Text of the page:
PC: My friend Amit Sengupta and his sister :)
(If you would rather read the English version, scroll to the bottom of this post.)
Ek gorosh holeo, shokale school e jaoar aage, modhdhobitto Bangalir barite, bachchader etai khawano hoto. Ekhon hoyto sheta paltey sandwich ba cereal hoeche. Kintu amader chotobela, Ma der moner shanti = bachcha ektu ghee bhaat kheye geche.
Bangali bachchader nadush nudush hoar #1 karon.
Bajarey onek din jaoa hoy ni, fridge e sherom kichu nei….emon dineo etai shombol.
Shordi, kashi, jor jor, mukhey oruchi….tateo eri ek baati.
Hostel life, single life, paying guest, barir jonno mon kharap….ba je kono karoney mon kharap, Bangalir priyo “comfort food”.
Chotobela, amar “baby fat” ta jetey ektu deri korechilo (jodio sheta boro bela abar firey esheche jor kodomey). Class 2 ba 3 e jokhon pori, ekta chotto bhuri niye ghurtam. Onek bhalobasha shotteo, amar Jethu amar Ma ke na boley parey ni “Mitra, Tulir bhuri ta kintu berei choleche”. Je kono Bangali Ma der moto, Ma o nijer meyer bhuri konodino dekhte pay ni. Jethur kotha kaney ba money na tuley bolechilo, “Bachchader orom ektu adhtu thakey. Oromi bhalo."
Tobe Jethur kotha ta ami oto shohojey bhultey pari ni. Aynay barbar dekhtam nijer bhuri. Eri modhdhay ekdin parar ek didir barite “Putul Biyer” nemontonno. Shekhaney amar bhalobashar onek rokom khabar. Kintu bhuri niye shoddo biporjostho boley, ami khubi shotorko. Oder bari pouchei ami jor golay announce korlam “Ami khub mota hoye jachchi, tai aj kichchu khabo na. Amay khali ektu ghee bhaat dao.”
Ei kotha ta aguner moto choriye gelo paray. “Tuli roga hotey chay boley ektu ghee bhaat khetey cheyeche”. Ajo parar karor shaathe dekha holey, onek kothar modhdhay, ei golpo ta bola hoy amake.
Roga hoya amar hoy ni. Hobeo na. Chotto bhuri aj brihot hoeche. Kintu ghee bhaat, alu shedhdho, kacha lonka ajo amar shob cheye priyo khabar (Biriyani-sthanio, almost). Tai jokhon amar meye onno kichu na khete cheye boley “Mummy, give me only butter and rice”, mone hoy, bhuri ta o amar theke pay ni thiki…kintu genes ta thiki peyeche.--------------------------------------------------------------------------------------------------------------------------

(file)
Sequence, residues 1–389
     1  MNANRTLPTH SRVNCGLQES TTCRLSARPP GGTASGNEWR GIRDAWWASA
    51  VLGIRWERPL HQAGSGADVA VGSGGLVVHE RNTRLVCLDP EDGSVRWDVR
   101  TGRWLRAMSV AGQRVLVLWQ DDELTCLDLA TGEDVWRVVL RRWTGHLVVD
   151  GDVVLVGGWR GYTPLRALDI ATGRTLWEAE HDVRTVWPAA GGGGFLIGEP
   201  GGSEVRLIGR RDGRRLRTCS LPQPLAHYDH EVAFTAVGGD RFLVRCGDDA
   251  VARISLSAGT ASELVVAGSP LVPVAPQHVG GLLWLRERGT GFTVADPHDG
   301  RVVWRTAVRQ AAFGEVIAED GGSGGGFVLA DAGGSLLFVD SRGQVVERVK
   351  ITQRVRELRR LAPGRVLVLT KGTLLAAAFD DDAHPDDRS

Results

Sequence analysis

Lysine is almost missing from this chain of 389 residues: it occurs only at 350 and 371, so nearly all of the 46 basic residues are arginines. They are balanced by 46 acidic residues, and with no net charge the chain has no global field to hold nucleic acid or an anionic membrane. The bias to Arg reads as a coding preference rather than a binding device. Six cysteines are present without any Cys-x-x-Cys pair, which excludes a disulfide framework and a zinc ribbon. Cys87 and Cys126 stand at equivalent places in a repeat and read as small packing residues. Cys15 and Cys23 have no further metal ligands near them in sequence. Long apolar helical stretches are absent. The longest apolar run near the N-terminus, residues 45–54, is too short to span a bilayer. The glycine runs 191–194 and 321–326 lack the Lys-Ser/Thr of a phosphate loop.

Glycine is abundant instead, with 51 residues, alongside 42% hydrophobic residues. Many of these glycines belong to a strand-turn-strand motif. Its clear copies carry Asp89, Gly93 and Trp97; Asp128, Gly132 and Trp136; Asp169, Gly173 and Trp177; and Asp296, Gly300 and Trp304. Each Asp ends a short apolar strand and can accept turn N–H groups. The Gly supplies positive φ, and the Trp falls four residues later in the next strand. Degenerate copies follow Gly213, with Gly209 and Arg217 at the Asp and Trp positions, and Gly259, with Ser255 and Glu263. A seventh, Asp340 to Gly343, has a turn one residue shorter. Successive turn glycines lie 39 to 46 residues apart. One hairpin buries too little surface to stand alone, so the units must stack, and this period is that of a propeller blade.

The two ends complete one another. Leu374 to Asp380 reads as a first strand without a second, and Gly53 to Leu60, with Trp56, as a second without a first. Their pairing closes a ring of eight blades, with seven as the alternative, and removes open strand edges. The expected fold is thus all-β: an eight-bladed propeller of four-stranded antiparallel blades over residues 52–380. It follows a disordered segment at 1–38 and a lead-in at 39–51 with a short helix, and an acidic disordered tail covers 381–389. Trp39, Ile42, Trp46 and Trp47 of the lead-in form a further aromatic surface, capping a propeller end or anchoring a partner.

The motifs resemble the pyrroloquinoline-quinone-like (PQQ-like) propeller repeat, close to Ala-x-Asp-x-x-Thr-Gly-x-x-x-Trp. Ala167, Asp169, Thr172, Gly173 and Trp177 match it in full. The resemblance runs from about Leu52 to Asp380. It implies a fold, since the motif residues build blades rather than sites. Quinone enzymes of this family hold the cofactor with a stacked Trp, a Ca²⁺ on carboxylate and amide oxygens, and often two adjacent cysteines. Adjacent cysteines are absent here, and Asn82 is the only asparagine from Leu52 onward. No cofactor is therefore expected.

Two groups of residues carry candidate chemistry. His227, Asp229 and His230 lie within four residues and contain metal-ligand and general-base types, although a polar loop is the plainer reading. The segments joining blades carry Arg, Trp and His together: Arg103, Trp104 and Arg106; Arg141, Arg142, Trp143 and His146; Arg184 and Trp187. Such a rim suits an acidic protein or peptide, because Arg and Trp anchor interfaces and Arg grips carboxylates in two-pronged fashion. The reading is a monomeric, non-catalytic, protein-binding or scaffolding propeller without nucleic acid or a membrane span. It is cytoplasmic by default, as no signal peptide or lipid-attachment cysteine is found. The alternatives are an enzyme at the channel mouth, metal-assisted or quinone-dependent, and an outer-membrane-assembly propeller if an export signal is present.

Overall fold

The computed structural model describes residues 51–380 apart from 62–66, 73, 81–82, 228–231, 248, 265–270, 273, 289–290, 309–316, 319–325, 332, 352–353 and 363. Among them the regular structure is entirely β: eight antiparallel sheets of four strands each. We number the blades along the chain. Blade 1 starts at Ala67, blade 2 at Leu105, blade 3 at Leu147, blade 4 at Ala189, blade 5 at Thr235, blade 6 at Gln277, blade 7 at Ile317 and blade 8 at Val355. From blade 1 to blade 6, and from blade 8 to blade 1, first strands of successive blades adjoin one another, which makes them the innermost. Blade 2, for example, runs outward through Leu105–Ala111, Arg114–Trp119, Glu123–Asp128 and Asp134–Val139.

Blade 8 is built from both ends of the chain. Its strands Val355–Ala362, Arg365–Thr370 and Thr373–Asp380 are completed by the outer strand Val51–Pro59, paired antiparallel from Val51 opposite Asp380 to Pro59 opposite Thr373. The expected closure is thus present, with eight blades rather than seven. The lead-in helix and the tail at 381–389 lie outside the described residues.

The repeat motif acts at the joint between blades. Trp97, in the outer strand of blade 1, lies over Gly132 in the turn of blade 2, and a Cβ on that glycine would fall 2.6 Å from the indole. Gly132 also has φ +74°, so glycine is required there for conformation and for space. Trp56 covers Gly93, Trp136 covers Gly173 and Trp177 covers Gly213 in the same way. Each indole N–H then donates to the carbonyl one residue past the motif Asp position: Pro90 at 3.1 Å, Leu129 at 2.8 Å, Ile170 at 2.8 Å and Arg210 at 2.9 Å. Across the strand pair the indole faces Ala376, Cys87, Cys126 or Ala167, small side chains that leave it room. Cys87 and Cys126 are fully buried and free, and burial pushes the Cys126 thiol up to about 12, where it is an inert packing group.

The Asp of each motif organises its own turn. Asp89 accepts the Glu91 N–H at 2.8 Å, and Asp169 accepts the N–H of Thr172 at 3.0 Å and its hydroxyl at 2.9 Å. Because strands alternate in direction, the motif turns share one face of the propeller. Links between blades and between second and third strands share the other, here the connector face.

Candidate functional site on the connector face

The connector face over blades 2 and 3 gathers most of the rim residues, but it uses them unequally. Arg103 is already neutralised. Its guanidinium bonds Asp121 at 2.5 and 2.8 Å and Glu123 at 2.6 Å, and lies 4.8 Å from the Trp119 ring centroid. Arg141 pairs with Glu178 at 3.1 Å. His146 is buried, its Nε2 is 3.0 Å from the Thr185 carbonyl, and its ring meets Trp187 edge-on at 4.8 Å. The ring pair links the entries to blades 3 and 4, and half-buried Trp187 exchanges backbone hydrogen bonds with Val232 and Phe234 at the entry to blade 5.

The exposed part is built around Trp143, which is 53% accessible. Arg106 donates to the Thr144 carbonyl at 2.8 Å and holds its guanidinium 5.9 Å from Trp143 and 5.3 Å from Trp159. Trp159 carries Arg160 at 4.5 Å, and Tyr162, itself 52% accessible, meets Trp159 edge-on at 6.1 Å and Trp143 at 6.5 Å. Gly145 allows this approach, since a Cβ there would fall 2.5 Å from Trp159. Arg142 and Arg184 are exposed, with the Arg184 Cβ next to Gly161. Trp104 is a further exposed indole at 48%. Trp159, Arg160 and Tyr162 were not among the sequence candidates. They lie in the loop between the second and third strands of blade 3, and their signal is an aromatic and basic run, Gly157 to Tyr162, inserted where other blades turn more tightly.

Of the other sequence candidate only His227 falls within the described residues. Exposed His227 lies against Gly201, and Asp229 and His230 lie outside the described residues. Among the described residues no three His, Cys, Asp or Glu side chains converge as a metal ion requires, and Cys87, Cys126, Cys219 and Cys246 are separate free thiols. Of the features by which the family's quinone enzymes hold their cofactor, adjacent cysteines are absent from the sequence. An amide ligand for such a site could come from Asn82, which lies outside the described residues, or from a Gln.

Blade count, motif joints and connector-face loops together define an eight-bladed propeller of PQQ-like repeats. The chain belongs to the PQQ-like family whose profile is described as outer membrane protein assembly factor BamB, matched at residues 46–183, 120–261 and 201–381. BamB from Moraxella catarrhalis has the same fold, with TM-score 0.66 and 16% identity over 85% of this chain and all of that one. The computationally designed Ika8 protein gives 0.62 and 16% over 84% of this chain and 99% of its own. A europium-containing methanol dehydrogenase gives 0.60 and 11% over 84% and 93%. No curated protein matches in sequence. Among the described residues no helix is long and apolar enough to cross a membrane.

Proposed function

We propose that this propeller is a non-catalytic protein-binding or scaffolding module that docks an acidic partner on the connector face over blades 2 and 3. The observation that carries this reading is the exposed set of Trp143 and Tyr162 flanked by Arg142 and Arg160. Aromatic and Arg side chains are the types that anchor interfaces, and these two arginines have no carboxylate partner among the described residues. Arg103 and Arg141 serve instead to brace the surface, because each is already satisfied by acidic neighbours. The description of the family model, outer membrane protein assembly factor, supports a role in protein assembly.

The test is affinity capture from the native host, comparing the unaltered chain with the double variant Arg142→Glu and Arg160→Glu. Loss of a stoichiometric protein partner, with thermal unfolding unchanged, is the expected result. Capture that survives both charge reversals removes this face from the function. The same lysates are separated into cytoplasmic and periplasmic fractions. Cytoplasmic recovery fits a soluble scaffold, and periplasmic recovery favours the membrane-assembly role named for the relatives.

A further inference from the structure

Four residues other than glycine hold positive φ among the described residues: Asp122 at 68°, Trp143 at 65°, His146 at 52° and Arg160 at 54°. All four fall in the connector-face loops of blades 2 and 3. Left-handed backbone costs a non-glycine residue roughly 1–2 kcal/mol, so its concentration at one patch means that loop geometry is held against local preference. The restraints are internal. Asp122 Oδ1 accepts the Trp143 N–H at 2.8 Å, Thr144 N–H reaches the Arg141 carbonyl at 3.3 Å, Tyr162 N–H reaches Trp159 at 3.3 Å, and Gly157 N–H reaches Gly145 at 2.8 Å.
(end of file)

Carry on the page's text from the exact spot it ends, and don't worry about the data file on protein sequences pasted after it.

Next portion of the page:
When I was growing up, kids from most middle-class Bengali households were made to eat ghee-bhaat (rice, ghee and boiled potato, mashed together to pulpy balls), before they left for school in the morning. Occasionally, a boiled egg was thrown in as well (except on “exam” days, where eggs were thought to be ominous i.e. the kid would score eggs, that is, 0). Today, cereal and sandwiches may have become more popular choices for breakfast. But back then, a Bengali mother’s peace of mind = the child has eaten ghee-bhaat before school.
It’s the #1 reason behind making Bengali kids chubby.
It’s the #1 choice of food on those days when there’s not much left in the fridge or pantry.
It’s also the #1 comfort food for homesick students living away from home (in hostels or as paying guests etc.), or for anyone feeling low in general.
Anyone who has lost their appetite after a bout of sickness, would also turn to ghee-bhaat.
In short, ghee-bhaat should go down in the history of Bengal, not just as food but as a complex socio-economic and even medical phenomenon!
My so called “baby fat” stayed with me, way past my babyhood. When I was in year 2 or 3, my Jethu (my father’s elder brother) couldn’t help telling me Ma “Mitra, Tuli’s paunch seems to be growing every day”. Like most Bengali mums, my Ma was blind to any sort of paunch or chubbiness, when it came to her daughter. She didn’t take it to heart, but said “That’s just a bit of baby fat. No big deal. In fact, that’s how it should be”.
But I wasn’t able to dismiss my Jethu’s words so easily. I looked at the mirror several times during the day, trying to determine if I really had a paunch. Incidentally, that very week, there was a Putuler Biye (doll’s wedding) invitation that I had to attend at a neighbourhood friend’s place. Many of my favourite dishes were on offer. But my new-found self-consciousness had made me quite alert. Just as I got there, I announced loud and clear “I am putting on a bit of weight. I’m not going to eat any of this. Just give me some ghee-bhaat, please.”
News spread like fire in the neighbourhood. “Tuli is trying to lose weight by following a strict ghee-bhaat diet”. Now that you know what ghee-bhaat is, am sure you get the joke. Even today, when I visit India and happen to meet someone from my neighbourhood, this story inevitably comes up.